In our technology-obsessed world, we want things now and we want them fast. What does that have to do with fighting gender inequality?
Enter the Emoji. These tiny characters help us convey emotions without even thinking – just click and you’re done. But have you ever actually looked closely at emojis and considered the messages they send?
And have you happened to notice the emojis that refer to women?
The stereotyping of women is so biased, it’s almost shameful:
There are emojis for:
Getting manicures and haircuts
A dancing girl
A Playboy bunny
And even the sports category of emojis is missing 50 percent of the population. Emojis that represent sports are images of men. It’s as if Title IX and the women’s movement never happened at all.
What’s the big deal, you may ask? It’s just a small thing. On the contrary, I believe it’s unchallenged gender biases and assumptions such as this that perpetuate the status quo. How do we in good conscience tell young girls that they can be anything they want to be when most of what they see in the world they live in represents a sliver of what they’re capable of?
How can we encourage women to be strong, bold, and confident when they are represented as Playboy bunnies or “desperate housewives” in the social sphere?
The answer is, we can’t. And that’s why even something as simple as emoji must be held accountable.
Proctor & Gamble has realized the current crop of emojis reinforces societal stereotypes and limitations. The company is taking emoji to task with its powerful Always #LikeAGirl campaign. Here’s the video from their campaign (that I could personally watch several times over):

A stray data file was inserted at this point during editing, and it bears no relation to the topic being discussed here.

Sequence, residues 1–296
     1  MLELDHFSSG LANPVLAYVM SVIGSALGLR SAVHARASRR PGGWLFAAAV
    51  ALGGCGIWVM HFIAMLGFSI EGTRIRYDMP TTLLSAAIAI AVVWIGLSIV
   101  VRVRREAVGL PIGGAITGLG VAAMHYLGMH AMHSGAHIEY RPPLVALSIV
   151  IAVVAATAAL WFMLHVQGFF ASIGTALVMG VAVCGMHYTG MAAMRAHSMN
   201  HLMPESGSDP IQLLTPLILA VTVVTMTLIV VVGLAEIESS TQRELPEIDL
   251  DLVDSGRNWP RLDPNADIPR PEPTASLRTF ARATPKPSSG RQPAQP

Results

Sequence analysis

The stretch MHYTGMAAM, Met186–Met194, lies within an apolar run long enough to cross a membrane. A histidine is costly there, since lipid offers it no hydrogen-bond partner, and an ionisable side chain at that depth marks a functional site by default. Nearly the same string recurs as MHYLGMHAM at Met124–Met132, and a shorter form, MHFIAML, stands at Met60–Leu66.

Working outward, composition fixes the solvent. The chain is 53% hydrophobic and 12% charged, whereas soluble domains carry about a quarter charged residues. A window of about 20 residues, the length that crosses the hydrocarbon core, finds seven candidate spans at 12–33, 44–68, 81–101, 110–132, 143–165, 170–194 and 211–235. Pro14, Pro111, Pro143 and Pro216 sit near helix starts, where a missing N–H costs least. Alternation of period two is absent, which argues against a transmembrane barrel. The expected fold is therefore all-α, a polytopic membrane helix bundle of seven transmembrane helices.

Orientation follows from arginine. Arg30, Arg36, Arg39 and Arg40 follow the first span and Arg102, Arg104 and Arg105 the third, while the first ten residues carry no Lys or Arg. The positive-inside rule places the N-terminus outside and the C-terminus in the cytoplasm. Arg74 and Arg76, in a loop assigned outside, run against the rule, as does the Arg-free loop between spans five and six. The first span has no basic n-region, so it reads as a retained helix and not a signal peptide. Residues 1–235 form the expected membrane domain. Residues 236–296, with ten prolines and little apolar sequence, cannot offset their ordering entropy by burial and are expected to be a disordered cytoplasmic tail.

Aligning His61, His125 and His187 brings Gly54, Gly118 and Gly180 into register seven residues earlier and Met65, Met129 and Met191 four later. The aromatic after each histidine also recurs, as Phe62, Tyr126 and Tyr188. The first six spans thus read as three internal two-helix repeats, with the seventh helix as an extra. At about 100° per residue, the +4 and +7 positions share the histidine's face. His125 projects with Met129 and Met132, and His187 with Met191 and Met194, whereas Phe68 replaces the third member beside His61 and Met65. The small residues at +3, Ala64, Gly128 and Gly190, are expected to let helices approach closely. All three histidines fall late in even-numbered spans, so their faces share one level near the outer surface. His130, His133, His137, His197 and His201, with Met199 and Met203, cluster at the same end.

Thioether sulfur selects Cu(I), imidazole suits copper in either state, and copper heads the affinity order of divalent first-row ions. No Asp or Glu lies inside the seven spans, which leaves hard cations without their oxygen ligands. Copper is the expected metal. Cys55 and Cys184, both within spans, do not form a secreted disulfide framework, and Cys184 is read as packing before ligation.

Emoji images are particularly important, Always says, because they’re so popular among teenagers, and are used so much by young, impressionable girls.
And it’s the subtle, micro messages that emojis convey that can make a significant impact on girls.
Thankfully, Google has seen the light. The company is now on a mission to change the way women are represented in emojis.
Google is taking a stand against gender inequality by adding 13 new emojis that represent women in professional roles.
A team of Google employees is heading the shift with a proposal that would do us all some good to read:
“The global women’s equality movement is growing, so the time to create these emojis is
now. All around the world, gender inequity is a focus. The United Nation’s new
sustainable development agenda calls for achieving gender equity and empowering all
women and girls, and the US Treasury recently announced that Harriet Tubman will
grace the front of the next version of the $20 bill (and that other influential women will
be added to the $10 and $5 bills). Not to mention the fact that Hillary Clinton is closing in
on becoming the first female presidential candidate at the top of a major-party ticket
(and, possibly, the first woman US president).
No matter where you look, women are gaining visibility and recognition as never before.
Isn’t it time that emoji also reflect the reality that women play a key role in every walk of
life and in every profession?”
So here, they are — the proposed emoji list from the the Google team.
First Lady Michelle Obama suggested on Twitter that an emoji of a young girl studying be added to the list after she watched the Always video.
Which one would you be, and what Emoji would you like Google to consider as it adds more diversity to its emoji list?